• FIG. 2 is an exemplary chart illustrating the results of step 106 in an example secondary brand inquiry. In FIG. 2, the primary brand is illustrated as having 100% of the consumers in the filtered group having a transaction history with the primary brand. The percentage of primary brand consumers who transacted with (e.g., made purchases associated with) various secondary brands A through N is also illustrated. In the example of FIG. 2, 71.3% of primary brand consumers also had a transaction associated with Brand A; 67.4% of primary brand consumers also had a transaction with Brand B, and so on as illustrated for each secondary brand.
  • Returning to FIG. 1, in step 108, the percentage of consumers in a control group of consumers having at least one transaction with a secondary brand is determined. Additionally or alternatively, the percentage of consumers may include those consumers in the control group who have had a given level of transactions, spend, spend ratio, and/or, as will be further described with respect to FIG. 8, share of wallet with the secondary brand. As with step 106, step 108 may be performed for a single secondary brand, or it may be performed for a plurality of secondary brands. In one example, the secondary brand(s) analyzed in step 108 are the same as the secondary brand(s) analyzed in step 106. In an embodiment, the control group represents the average consumer. The control group may include both consumers who have made a purchase with the primary brand and consumers who have not made a purchase with the primary brand. Alternatively, the control group may include only those consumers who have not made a purchase with the primary brand. In one embodiment, the control group includes all cardmembers of a transactional account company. In another embodiment, the control group includes a subset of cardmembers of the transactional account company.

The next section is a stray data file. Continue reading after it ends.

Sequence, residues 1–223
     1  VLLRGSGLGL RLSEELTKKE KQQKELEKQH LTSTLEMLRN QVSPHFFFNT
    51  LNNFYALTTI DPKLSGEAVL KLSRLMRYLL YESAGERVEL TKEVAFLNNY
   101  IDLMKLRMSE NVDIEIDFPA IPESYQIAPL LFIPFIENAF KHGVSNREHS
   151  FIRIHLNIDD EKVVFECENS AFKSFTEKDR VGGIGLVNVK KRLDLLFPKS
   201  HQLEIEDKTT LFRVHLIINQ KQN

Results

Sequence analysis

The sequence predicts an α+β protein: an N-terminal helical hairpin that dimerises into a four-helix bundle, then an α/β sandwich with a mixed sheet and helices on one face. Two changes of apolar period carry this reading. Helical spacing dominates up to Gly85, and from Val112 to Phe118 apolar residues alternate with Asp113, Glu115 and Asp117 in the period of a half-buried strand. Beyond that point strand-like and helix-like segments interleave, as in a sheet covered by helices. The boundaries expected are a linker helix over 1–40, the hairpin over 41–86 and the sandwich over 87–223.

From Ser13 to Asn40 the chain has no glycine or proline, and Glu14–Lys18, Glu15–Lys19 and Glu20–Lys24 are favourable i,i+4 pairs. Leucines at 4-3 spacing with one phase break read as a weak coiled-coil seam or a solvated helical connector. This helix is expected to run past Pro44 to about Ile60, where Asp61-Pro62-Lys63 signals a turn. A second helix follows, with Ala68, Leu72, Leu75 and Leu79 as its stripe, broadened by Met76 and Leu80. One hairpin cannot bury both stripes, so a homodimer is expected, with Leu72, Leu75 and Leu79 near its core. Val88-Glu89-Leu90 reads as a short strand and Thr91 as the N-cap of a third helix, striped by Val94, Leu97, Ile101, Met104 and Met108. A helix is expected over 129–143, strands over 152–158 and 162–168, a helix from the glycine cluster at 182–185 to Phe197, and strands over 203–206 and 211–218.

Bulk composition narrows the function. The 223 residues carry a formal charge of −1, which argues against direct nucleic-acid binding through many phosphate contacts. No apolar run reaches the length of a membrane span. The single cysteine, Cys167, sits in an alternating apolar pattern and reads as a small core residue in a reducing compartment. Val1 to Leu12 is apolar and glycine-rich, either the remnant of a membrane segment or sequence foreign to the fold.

• FIG. 3 is an exemplary chart illustrating the results of step 108 in an example inquiry. The results of step 108 are illustrated on top of the results of step 106 for comparison (e.g., the dark bars represent the results of step 106, while the lighter bars represent the results of step 108). In this example, the control group includes both consumers who made purchases associated with the primary brand and consumers who did not make purchases associated with the primary brand. The example percentage of consumers in the control group who made a purchase associated with the primary brand is 36%, the percentage of consumers in the control group who made a purchase associated with Brand A is 63%, the percentage of consumers in the control group who made a purchase associated with Brand B is 63%, etc.
  • Returning to FIG. 1, in step 110, the ratio of the percentage of consumers in the filtered group of consumers having at least one transaction with the second brand to the percentage of consumers in the control group of consumers having at least one transaction with the second brand is calculated. Specifically: